When thinking about the function of a particular building it is important to remember sometimes increasing energy use may be beneficial
The need for us to become more productive as a nation seems to align well with the need for energy efficiency. Generally this holds true but there is a tension that is beginning to develop.
The last couple of years have seen a big rise in our awareness and recognition of the issue of health and wellbeing in the workplace and home. Who doesn’t offer its people lunchtime yoga anymore? I recently worked on the group that prepared the UKGBC’s report on health and wellbeing in homes and the WELL standard is now very popular; some buildings are already being built to its standard, despite its American focus, and many more are drawing inspiration from it.
This is for good reason. It is becoming a bit of a cliché and isn’t always true, but the cost of an office will typically be 90% people, 9% rent and 1% energy. Therefore a modest improvement in the health and wellbeing of staff or occupants will translate into large benefits for them and their work and contribute to our national productivity.
The kinds of issues that are relevant vary from the obvious to the obscure:
- Lighting – natural light and artificial light, as well colour temperature, rendering
- Air Quality – NOx, PMs, VOCs, formaldehyde, CO2 levels
- Water quality
- Encouraging healthy activity – cycling, walking, on-site facilities
- Occupant control
Some of the evidence around the impact on performance is very solid and some less so but the fundamental point is valid; better buildings can deliver better outputs. Buildings are built to enable people to do things; whether that is to type reports, manufacture goods, learn, or just to live, and we should be making our buildings as effective as we can for them to do that. We don’t construct buildings just to reduce energy demand, otherwise we might as well just not build them.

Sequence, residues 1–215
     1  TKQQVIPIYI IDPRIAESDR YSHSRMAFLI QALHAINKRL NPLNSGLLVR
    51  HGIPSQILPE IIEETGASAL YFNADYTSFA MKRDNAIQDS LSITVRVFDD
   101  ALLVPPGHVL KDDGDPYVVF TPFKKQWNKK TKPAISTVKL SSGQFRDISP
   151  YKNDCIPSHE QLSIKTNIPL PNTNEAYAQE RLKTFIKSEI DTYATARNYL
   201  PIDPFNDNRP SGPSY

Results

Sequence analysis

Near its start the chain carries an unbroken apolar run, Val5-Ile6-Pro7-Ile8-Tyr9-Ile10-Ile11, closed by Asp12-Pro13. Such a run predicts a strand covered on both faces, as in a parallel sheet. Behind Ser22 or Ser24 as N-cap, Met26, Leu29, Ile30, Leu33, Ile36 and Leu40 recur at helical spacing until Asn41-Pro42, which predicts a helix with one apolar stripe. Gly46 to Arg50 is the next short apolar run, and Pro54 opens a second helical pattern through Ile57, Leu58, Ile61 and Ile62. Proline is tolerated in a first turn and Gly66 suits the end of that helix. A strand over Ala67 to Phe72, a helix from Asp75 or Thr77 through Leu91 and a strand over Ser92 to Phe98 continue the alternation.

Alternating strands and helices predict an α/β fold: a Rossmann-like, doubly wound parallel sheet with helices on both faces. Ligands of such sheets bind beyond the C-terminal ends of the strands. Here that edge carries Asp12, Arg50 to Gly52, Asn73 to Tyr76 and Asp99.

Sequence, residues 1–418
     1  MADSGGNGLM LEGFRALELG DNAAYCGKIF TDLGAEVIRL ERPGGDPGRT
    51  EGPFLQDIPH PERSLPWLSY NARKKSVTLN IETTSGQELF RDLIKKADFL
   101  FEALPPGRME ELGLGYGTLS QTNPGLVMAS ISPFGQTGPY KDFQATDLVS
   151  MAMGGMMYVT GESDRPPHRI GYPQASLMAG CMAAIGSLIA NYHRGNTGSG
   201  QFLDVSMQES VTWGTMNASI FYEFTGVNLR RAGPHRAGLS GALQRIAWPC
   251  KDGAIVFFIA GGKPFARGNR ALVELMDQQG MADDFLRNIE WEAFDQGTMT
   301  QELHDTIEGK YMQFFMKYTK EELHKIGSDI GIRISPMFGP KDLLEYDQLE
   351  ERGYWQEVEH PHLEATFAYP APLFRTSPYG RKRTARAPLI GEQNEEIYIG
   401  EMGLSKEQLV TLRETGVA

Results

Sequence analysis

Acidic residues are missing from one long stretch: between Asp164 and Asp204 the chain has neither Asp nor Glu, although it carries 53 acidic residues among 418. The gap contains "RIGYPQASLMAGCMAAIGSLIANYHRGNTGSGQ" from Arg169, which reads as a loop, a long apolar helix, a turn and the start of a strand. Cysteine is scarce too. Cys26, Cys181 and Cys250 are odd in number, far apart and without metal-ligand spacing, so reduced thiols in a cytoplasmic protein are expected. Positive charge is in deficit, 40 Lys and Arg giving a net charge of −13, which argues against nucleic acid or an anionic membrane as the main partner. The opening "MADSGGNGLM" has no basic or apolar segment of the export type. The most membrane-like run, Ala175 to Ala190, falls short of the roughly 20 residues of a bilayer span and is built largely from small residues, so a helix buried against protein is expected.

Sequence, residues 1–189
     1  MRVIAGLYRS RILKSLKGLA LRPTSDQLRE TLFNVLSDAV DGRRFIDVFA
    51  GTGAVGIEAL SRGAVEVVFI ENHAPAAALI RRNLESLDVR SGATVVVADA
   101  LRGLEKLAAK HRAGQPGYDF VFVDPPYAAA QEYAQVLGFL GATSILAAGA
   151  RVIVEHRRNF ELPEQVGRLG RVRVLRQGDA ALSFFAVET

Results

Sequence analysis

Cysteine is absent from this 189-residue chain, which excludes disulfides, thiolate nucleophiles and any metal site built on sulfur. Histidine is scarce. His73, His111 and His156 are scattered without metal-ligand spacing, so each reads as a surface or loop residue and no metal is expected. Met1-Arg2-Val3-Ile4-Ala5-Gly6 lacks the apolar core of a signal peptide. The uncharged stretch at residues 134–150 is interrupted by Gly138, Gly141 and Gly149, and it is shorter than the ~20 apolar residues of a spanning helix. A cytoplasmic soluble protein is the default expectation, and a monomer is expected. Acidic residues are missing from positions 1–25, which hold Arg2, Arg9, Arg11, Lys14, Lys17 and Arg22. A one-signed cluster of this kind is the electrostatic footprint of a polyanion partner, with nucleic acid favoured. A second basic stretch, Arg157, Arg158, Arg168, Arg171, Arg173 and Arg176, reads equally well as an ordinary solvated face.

In some cases engineers are driven by energy efficiency regulations and cost to engineer buildings and systems that will not deliver the best outcomes for occupants
For consultants advising asset managers and owners of current buildings this is important. Although energy is crucial, partly because it incorporates issues such as air quality and CO2 emissions that do have an importance beyond simple cost, there is a bigger picture. We can improve air quality with high quality filters. We can improve lighting. We can increase ventilation rates. We can increase daylighting and provide more local control for occupants but generally they will use more energy. You get the same issue with new buildings where in some cases engineers are driven by energy efficiency regulations and cost to engineer buildings and systems that will not deliver the best outcomes for occupants.
Up to now energy management professionals have tended to think in metrics such as kWh per m2, lumens per Watt or similar. If we continue to use only these metrics we will remain in tension with what should be the ultimate aim. When we think about efficiency we need to think about it in the round, sometimes increasing energy use may be beneficial when it is increasing productivity. (Perhaps £s earnt per kWh will be a better metric.)
This has implications for asset managers, employers, consultants and even government where there may need to be a change in regulations. For all of us there may need to be a change of mindset.
Barny Evans is environmental associate director for WSP | Parsons Brinckerhoff